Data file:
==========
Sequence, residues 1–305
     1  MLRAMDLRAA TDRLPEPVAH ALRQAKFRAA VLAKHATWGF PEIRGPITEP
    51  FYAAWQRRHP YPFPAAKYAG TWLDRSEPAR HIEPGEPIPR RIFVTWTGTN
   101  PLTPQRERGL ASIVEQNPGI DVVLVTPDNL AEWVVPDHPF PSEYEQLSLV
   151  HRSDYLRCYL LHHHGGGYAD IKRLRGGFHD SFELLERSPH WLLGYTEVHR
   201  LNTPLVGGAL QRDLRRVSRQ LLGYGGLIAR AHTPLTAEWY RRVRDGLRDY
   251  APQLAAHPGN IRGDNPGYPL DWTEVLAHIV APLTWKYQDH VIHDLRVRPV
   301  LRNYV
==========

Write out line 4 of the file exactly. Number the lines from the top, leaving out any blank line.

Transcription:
   101  PLTPQRERGL ASIVEQNPGI DVVLVTPDNL AEWVVPDHPF PSEYEQLSLV